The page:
Cluster headaches are a rare form of headache notable for their extreme pain and their pattern of occurring in "clusters," usually at the same time(s) of the day for several weeks.
A cluster headache usually begins suddenly with excruciating pain on one side of the head, often behind or around one eye. In some individuals, it may be preceded by a migraine-like "aura." The pain usually peaks over the next 5 to 10 minutes, and then continues at that intensity for up to an hour or two before going away.
People with cluster headaches describe the pain as piercing and unbearable. The nose and the eye on the affected side of the face may also get red, swollen, and runny, and some people will experience nausea, restlessness and agitation, or sensitivities to light, sound, or smell. Most affected individuals have one to three cluster headaches a day and two cluster periods a year, separated by periods of freedom from symptoms.
A small group of people develop a chronic form of the disorder, characterized by bouts of cluster headaches that can go on for years with only brief periods (2 weeks or less) of remission.
Cluster headaches generally begin between the ages of 20 and 50, although the syndrome can also start in childhood or late in life. Males are much more likely than females to develop cluster headaches. Alcohol (especially red wine) provokes attacks in more than half of those with cluster headaches, but has no effect once the cluster period ends. Cluster headaches are also strongly associated with cigarette smoking.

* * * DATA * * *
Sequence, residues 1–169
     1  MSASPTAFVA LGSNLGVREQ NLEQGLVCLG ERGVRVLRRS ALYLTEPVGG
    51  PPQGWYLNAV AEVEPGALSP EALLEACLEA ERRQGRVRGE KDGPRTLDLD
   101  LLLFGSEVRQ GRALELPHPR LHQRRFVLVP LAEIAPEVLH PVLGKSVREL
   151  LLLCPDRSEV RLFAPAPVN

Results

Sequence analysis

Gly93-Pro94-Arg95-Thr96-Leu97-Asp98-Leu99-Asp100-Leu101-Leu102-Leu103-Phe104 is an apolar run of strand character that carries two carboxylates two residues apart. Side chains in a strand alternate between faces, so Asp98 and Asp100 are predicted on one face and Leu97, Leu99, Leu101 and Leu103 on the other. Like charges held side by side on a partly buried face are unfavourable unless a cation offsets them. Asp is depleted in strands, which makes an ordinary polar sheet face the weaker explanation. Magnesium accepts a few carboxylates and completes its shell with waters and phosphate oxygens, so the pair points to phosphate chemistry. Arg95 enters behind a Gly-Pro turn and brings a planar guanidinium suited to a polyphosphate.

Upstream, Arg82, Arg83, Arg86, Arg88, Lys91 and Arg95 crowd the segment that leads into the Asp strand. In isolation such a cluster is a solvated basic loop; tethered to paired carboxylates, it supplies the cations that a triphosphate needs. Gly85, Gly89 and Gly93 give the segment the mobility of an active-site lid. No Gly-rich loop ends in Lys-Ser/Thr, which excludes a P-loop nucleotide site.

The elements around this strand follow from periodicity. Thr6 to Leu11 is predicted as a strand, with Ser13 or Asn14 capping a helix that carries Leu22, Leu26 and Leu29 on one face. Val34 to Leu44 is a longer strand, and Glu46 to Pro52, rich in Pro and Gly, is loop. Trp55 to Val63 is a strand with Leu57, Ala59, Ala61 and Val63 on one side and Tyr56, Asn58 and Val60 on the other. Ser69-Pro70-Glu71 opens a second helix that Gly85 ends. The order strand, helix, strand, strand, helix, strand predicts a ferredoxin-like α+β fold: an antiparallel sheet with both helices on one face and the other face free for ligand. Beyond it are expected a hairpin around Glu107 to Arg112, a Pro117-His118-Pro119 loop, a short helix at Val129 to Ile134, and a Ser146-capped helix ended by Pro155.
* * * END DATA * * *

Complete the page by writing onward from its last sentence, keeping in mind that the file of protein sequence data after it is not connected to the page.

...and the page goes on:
Scientists aren't sure what causes the disorder. The tendency of cluster headaches to occur during the same time(s) from day to day, and more often at night than during the daylight hours, suggests they could be caused by irregularities in the body’s circadian rhythms, which are controlled by the brain and a family of hormones that regulate the sleep-wake cycle.
There are headache medications available to lessen the pain of a cluster headache and suppress future attacks:
- Oxygen inhalation and triptan drugs (such as those used to treat migraine) administered as a tablet, nasal spray, or injection can provide quick relief from acute cluster headache pain.
- Lidocaine nasal spray, which numbs the nose and nostrils, may also be effective.
- Ergotamine and corticosteroids such as prednisone and dexamethasone may be prescribed to break the cluster cycle and then tapered off once headaches end.
- Verapamil may be used preventively to decrease the frequency and pain level of attacks.
- Lithium, valproic acid, and topiramate are sometimes also used to prevent cluster headaches
Reference: National Institute of Neurological Diseases and Stroke (NINDS)